Proposals are underway for a 1.8 million square kilometre reserve that would ban all fishing in a vast area of the Weddell Sea and around the Antarctic Peninsula, protecting many species such as emperor penguins, blue whales and leopard seals that call the ice and waters their home.
The sanctuary already has the support of several countries including the UK and the plans will go before a conference of the Antarctic nations in October. The idea, which is now backed by a new Greenpeace campaign and Antarctic expedition, was originally proposed by the EU and spearheaded by Germany.
‘The Weddell Sea is one of the last practically pristine regions in Antarctica. The international fishing fleet has so far steered clear of this area. To ensure things stay that way, we must place the majority of the marine areas of interest to fisheries in this region under protection,’ said Christian Schmidt, German Federal Minister of Food and Agriculture, when submitting the request. ‘Commercial fisheries would pose a major threat to the vulnerable populations of the approximately 14,000 animal species in the Weddell Sea. The marine protected area should be reserved for scientific research purposes only and should strengthen international cooperation in this region. These are the pillars of the Antarctic Treaty. It is our historical task to protect unique ecosystems like Antarctica.’
The scientific basis for Germany’s request was provided by researchers at the Alfred Wegener Institute, Helmholtz Centre for Polar and Marine Research (AWI), who collected and evaluated data from the Weddell Sea over the last four years.
‘Our studies show that climate change has so far had little impact on this marine region,’ explained Prof Dr Karin Lochte, director of the AWI. ‘The region is also a valuable reference area for basic scientific research. We are therefore very interested in ensuring that future research in this unique and largely pristine area is not jeopardised by destructive human activities.’
The Weddell Sea extends from the southeast of South America over an area of around 2.8 million square kilometres. Since its discovery in 1823, impassable ice has made commercial fishing almost impossible, leaving the area largely untouched. The harsh environment has lead to unique adaptation in some of the native species, for example the thornfish produces ‘antifreeze’ proteins to prevent its blood from freezing. The Weddell sea is also an important habitat for more than 300,000 pairs of Antarctic petrels that breed close to its coasts, and one third of all emperor penguins are born on the region’s sea ice. According to the AWI, Scientists have so far documented six seal species and 12whale species in the area, the best-known being the humpback whales, orcas, blue whales and Antarctic minke whales.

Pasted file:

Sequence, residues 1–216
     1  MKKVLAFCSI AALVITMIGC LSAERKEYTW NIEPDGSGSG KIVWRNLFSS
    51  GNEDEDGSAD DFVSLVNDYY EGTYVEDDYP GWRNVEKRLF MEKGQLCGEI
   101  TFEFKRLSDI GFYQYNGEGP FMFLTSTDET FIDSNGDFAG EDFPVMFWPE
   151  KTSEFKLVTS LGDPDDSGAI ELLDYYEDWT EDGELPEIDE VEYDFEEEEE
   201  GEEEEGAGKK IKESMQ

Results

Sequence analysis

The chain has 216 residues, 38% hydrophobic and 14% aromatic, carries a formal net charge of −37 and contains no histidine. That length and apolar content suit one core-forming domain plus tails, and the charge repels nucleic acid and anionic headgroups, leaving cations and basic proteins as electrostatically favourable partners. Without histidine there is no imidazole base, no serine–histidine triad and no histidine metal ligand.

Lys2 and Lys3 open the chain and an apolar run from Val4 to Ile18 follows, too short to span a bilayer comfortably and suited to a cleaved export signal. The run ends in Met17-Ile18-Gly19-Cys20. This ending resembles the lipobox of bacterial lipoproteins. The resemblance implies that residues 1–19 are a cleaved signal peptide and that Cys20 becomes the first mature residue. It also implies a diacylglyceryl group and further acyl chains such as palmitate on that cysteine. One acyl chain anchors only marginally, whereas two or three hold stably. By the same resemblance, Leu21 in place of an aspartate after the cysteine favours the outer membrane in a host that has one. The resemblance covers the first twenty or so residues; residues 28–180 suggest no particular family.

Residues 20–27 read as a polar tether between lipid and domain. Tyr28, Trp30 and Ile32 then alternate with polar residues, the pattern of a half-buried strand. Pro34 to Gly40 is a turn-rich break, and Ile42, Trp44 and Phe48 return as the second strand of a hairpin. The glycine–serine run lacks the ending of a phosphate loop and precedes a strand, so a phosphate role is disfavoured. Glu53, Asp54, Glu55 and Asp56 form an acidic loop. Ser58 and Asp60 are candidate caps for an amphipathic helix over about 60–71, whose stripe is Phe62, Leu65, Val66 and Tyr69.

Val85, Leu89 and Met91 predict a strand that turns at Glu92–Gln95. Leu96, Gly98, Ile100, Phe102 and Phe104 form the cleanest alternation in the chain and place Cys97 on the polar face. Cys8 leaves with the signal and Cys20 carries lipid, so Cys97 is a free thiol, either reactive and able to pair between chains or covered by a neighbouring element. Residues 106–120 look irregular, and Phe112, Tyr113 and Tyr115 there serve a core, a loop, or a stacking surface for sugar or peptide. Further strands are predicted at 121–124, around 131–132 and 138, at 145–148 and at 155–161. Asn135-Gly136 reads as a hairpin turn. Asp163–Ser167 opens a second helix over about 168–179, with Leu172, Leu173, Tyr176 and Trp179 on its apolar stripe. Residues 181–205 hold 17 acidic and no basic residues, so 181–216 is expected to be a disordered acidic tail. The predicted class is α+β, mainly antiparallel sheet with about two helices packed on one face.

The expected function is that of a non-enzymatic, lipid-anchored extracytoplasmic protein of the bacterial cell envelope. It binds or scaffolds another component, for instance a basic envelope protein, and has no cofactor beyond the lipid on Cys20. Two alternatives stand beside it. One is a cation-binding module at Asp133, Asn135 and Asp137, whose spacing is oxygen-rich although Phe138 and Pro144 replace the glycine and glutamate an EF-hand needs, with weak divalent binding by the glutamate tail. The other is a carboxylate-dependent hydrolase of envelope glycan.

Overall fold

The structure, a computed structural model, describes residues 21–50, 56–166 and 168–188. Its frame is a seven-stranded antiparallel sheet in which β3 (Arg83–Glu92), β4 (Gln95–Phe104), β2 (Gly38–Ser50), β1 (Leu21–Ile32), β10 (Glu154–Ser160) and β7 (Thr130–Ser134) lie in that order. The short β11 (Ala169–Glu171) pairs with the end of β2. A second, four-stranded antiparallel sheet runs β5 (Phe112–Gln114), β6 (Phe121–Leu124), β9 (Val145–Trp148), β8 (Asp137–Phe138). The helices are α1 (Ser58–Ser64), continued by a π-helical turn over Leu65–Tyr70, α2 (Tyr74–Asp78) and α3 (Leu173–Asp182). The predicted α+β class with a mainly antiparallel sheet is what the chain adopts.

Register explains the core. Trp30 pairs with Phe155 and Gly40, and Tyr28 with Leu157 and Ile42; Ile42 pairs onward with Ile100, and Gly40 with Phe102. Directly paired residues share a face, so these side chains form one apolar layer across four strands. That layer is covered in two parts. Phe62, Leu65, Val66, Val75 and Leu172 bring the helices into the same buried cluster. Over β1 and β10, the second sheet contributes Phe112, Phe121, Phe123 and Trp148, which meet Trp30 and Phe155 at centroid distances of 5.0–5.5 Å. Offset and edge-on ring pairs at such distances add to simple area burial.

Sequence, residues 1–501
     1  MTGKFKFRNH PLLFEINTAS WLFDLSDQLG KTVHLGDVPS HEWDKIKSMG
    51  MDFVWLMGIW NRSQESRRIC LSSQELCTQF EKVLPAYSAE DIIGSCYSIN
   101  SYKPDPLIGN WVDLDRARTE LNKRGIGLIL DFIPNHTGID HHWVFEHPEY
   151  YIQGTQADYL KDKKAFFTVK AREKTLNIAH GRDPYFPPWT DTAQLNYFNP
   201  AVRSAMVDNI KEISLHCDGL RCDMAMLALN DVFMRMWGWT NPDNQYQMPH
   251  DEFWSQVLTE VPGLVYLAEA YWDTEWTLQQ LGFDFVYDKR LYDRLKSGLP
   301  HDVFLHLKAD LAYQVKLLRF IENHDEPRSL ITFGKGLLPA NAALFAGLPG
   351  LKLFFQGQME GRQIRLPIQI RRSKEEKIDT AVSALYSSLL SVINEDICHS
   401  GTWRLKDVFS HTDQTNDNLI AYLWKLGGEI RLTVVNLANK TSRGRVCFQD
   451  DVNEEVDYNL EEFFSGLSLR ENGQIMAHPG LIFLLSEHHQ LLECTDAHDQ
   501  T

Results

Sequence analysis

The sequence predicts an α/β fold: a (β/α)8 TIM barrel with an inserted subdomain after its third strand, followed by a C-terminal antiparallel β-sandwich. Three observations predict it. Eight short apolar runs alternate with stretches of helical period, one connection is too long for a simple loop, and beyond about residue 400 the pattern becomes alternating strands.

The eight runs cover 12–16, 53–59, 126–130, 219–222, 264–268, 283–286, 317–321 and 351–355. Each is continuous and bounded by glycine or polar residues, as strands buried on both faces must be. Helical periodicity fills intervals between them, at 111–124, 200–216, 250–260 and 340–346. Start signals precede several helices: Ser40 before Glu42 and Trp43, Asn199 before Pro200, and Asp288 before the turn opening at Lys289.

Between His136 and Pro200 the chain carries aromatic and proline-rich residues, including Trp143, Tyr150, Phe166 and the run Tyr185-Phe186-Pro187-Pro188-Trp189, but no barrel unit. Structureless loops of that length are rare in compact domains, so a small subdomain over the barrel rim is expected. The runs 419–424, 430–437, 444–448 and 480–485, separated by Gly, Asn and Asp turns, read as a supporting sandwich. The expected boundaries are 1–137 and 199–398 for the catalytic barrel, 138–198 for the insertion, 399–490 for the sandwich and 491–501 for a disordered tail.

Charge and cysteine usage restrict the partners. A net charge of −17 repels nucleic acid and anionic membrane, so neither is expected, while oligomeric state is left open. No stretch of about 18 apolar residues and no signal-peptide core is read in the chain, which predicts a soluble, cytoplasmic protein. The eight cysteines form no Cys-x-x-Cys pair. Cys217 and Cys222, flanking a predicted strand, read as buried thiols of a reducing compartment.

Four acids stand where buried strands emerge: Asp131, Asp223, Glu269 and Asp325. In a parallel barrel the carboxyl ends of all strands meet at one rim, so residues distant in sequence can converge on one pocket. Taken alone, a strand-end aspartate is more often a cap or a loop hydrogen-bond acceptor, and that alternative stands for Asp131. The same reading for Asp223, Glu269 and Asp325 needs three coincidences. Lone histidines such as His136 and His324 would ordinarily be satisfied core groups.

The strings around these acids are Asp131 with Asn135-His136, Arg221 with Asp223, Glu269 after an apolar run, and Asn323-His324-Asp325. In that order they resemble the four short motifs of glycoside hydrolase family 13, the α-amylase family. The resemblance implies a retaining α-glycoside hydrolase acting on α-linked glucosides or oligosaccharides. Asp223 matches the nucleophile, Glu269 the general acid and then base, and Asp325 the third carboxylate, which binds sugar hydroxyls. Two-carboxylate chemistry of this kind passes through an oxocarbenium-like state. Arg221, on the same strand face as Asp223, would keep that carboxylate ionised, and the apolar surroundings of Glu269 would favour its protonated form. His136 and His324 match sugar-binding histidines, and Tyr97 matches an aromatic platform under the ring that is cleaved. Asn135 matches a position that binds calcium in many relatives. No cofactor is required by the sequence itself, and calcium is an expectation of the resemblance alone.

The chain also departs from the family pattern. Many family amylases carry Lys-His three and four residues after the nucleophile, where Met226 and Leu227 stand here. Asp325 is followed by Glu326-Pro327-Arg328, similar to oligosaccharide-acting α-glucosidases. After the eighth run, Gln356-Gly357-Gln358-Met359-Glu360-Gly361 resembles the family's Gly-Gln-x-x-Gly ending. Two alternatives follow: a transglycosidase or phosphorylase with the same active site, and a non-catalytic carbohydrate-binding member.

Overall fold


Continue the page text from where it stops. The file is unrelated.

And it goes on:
Protecting these animals, already threatened by the creeping effects of climate change, from commercial fishing and hunting is one of the driving forces of the sanctuary, and Greenpeace has recently thrown its weight behind the proposal.
‘Everywhere our oceans are properly protected we see more animals, bigger animals, more diversity, and spillover benefits outside the sanctuary boundaries,’ says Will McCallum of Greenpeace’s Protect the Antarctic campaign. ‘Many marine animals are suffering from the impacts of climate change, pollution and overfishing. Ocean sanctuaries provide relief and resilience for wildlife and ecosystems to recover. Sanctuaries encourage vital biodiversity, provide food security for the billions of people that rely on our oceans, and are essential to tackling climate change. Our fate and the fate of our oceans are intimately connected.’
A three-month Greenpeace expedition which set off at the beginning of the year aims to see the first ever humans visit the sea floor of the Weddell Sea in submersibles. By identifying new species and Vulnerable Marine Ecosystems (VMEs) on the seafloor, including rare corals and sponges, it hopes to provide further evidence for the need for comprehensive protection of the area, which can then be put forward to the Antarctic Ocean Commission’s (CCAMLR) scientific committee.
‘There is currently huge momentum behind large-scale ocean protection, so we’re really optimistic that governments have not only the opportunity to create this sanctuary but growing public support to do so,’ says McCallum. ‘Hundreds of thousands of people have already backed the calls for a sanctuary, and we’re just getting started. We’ve already seen that CCAMLR agreed a huge marine reserve in the Ross Sea, which came into force in December 2017.’
Despite some momentum and growing support for the sanctuary, the proposal needs unanimous approval from the 24 member states of CCAMLR, and should it pass it’s still unclear exactly how the huge reserve would be enforced.
‘It is the responsibility of the Antarctic governance body, CCAMLR, to monitor and enforce any conservation measures,’ suggest McCallum. ‘How it does this will vary depending on the specifics of the agreement, but should include traditional patrols, satellite technology, relying on other industry players to hold each other to account and individual country intelligence.’
McCallum and Greenpeace remain optimistic, and believe that the decision in October could be just the beginning for increased ocean conservation. ‘We can use a victory for the oceans in the Antarctic to build momentum for protection in many other areas of international waters as the UN negotiates an Ocean Treaty,’ he says. ‘This is about a journey towards protecting half the planet, and it starts in the Antarctic.’
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